Mutation of the MER2 gene of Saccharomyces cerevisiae confers meiotic lethality. To gain insight into the function of the Mer2 protein, we have carried out a detailed characterization of the mer2 null mutant. Genetic analysis indicates that mer2 completely eliminates meiotic interchromosomal gene conversion and crossing over. In addition, mer2 abolishes intrachromosomal meiotic recombination, both in the ribosomal DNA array and in an artificial duplication. The results of a physical assay demonstrate that the mer2 mutation prevents the formation of meiosis-specific, double- strand breaks, indicating that the Mer2 protein acts at or before the initiation of meiotic recombination. Electron microscopic analysis reveals that the mer2 mutant makes axial elements, which are precursors to the synaptonemal complex, but homologous chromosomes fail to synapse. Fluorescence in situ hybridization of chromosome-specific DNA probes to spread meiotic chromosomes demonstrates that homolog alignment is also significantly reduced in the mer2 mutant. Although the MER2 gene is transcribed during vegetative growth, deletion or overexpression of the MER2 gene has no apparent effect on mitotic recombination or DNA damage repair. We suggest that the primary defect in the mer2 mutant is in the initiation of meiotic genetic exchange.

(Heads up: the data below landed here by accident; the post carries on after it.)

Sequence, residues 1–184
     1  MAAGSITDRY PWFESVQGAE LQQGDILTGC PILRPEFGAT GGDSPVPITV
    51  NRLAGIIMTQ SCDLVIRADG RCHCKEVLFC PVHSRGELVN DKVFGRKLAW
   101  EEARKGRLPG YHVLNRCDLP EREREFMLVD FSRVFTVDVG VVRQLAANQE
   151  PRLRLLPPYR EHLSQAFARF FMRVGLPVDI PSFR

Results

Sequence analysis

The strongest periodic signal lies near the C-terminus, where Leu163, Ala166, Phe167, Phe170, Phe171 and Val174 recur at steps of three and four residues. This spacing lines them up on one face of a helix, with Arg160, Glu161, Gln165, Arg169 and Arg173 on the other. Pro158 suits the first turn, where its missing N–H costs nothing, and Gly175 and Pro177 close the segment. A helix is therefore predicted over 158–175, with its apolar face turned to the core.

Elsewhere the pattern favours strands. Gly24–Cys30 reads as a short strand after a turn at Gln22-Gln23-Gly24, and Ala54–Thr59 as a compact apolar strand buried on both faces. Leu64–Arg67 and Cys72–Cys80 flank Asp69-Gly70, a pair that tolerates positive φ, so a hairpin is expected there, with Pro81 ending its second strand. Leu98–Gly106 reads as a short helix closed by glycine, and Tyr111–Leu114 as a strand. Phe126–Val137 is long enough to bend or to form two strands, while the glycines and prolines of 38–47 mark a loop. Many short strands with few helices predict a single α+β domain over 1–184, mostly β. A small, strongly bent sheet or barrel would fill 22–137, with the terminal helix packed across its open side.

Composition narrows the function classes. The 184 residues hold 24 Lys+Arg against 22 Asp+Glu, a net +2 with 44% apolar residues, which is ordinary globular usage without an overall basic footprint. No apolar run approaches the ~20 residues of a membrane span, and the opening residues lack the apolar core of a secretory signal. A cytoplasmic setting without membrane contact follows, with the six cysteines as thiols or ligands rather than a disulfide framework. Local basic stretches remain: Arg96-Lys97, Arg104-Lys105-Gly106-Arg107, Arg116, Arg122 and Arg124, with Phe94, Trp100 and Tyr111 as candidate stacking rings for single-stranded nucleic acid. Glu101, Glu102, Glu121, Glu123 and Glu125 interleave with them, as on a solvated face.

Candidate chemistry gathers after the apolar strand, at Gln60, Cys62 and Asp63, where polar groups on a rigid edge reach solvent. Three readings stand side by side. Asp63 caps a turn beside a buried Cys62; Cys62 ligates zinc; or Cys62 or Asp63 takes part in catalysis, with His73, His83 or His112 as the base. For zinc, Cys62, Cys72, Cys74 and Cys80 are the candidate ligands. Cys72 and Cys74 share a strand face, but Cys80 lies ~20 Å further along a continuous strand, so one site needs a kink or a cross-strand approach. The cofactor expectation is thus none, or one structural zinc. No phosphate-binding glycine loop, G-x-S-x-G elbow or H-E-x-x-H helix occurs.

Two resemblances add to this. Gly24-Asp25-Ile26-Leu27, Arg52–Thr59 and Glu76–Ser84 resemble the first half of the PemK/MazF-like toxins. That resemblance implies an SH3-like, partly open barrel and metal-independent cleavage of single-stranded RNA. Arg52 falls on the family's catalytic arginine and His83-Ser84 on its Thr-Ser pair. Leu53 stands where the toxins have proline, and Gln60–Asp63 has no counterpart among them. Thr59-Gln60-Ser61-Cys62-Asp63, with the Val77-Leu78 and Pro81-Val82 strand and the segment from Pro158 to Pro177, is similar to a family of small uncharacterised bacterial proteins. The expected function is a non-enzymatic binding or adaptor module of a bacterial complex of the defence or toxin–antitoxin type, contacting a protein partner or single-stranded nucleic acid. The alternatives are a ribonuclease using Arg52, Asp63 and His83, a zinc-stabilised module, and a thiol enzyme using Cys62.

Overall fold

|Original language||English (US)|
|Number of pages||11|
|State||Published - 1995|
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